By inviting the owner and engineering team to join the interviews, it showed the plumbing contractors that this was a team and they would need to get on board if they wanted to win this work. The key takeaway from the interviews was that Aurora and Boldt allowed HGA to have a voice in determining the team that we would be working with. They also were able to see early on how our teams would interact together.
Dennis Buxrude, a senior director at Boldt Construction, was a major leader in this process, and explained it very well to me.
“After many years of practice, it was a pleasure to experience this team’s participation in this project delivery method. Doing so with energy, enthusiasm, and humor to motivate each other to achieve their potential and meeting the project objectives,” Dennis said. “Many have learned the meaning, understanding, and use of the tools used in this project delivery approach. The legacy comes from seeing their individual behavior or practice change in the future based on a positive experience seen here.”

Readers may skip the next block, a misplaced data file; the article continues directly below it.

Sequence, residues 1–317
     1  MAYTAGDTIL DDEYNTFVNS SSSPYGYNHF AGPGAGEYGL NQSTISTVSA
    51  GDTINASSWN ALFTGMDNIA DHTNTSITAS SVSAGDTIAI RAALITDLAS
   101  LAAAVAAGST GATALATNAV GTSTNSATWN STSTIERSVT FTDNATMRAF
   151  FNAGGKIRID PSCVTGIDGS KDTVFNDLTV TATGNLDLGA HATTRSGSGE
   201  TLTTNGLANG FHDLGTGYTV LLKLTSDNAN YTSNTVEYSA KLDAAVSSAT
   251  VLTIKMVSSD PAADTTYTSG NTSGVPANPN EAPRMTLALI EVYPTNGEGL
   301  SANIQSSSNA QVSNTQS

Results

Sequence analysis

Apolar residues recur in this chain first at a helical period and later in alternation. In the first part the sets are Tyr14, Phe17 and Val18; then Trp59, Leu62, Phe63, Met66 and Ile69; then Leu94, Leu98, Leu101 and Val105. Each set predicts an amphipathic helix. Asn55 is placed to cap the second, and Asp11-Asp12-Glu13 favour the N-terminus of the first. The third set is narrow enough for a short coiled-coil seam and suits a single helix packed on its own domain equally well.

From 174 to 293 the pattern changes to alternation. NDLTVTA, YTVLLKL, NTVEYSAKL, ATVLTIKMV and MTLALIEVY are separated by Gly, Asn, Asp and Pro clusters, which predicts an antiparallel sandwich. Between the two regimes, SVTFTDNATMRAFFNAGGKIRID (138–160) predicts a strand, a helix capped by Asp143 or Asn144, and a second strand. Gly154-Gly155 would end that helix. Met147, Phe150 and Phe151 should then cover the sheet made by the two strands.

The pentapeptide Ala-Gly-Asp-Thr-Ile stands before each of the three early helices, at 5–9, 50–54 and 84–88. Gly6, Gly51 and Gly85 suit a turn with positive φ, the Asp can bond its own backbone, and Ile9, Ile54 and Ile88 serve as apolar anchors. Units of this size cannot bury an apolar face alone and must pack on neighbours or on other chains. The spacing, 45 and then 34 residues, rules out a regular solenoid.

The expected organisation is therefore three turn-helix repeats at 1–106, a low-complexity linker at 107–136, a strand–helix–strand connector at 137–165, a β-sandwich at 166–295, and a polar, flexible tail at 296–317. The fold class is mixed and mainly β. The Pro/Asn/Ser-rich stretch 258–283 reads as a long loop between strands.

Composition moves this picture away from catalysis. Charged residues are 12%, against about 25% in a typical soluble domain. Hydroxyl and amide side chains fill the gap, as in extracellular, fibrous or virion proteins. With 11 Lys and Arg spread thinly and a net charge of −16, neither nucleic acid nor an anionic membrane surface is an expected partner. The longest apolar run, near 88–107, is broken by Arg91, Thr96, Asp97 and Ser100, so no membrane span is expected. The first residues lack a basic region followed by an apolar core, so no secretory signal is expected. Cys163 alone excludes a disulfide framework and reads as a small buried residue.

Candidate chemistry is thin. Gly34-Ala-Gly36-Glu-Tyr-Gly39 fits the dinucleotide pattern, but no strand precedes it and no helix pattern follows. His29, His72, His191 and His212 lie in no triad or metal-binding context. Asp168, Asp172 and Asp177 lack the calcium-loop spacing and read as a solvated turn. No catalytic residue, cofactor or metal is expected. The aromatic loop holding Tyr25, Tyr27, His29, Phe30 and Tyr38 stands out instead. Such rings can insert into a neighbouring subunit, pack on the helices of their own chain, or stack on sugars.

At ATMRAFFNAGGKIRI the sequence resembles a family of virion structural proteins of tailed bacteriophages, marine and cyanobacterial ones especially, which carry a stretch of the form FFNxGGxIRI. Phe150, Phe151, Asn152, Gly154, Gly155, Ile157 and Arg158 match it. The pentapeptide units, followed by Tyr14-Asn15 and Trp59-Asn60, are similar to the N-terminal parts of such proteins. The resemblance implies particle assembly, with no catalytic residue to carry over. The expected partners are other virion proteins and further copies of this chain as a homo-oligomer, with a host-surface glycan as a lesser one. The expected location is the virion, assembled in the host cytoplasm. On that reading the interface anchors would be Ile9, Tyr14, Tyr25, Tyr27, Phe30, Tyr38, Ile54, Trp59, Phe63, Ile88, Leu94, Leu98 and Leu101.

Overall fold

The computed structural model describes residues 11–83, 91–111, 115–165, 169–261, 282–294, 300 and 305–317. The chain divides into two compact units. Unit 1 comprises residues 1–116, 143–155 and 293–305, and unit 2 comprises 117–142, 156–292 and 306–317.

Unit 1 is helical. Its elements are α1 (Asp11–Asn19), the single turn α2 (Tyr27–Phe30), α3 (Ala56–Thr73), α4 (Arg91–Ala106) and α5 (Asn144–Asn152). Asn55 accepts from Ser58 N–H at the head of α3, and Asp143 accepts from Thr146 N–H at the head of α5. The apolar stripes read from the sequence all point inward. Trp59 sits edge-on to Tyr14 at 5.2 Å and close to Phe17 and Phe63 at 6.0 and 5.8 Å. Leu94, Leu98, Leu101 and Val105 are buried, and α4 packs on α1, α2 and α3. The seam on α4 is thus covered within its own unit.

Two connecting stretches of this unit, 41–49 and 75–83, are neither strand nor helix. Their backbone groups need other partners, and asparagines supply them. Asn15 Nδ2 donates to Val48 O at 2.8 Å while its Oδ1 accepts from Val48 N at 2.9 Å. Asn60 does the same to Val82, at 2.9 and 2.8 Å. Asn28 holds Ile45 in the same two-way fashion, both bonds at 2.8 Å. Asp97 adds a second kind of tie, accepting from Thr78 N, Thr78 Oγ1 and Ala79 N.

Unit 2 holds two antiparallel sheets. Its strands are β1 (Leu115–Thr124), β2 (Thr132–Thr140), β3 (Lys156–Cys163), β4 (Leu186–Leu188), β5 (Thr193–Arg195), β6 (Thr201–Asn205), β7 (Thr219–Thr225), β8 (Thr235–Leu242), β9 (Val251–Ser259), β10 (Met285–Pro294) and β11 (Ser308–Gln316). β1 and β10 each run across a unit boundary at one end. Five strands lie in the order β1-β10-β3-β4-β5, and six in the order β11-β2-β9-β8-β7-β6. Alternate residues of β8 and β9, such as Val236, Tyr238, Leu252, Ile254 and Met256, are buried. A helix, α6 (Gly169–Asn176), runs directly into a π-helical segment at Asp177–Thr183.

Once the plumbing contractor was selected, it was all about speed because the shovels were going in the ground in a couple of months. MPC ran with HGA’s DD set of documents to develop them into installation drawings. There was an open line of communication between MPC and HGA from the beginning. The lead from MPC, Joe Wilfert, had given me his cell phone number at the first meeting, and explained that anytime I wanted to talk about the project I could call him. This was absolutely true for the next six months. There was a period where we were talking two to three times per day.
“The open communication and trust between HGA and MPC created a design that was complete, functional, installable, and met the owner's requirements. This open communication also allowed for the budget to be monitored and maintained throughout the design process,” Joe said, when I inquired about what he thought the biggest success of the project has been.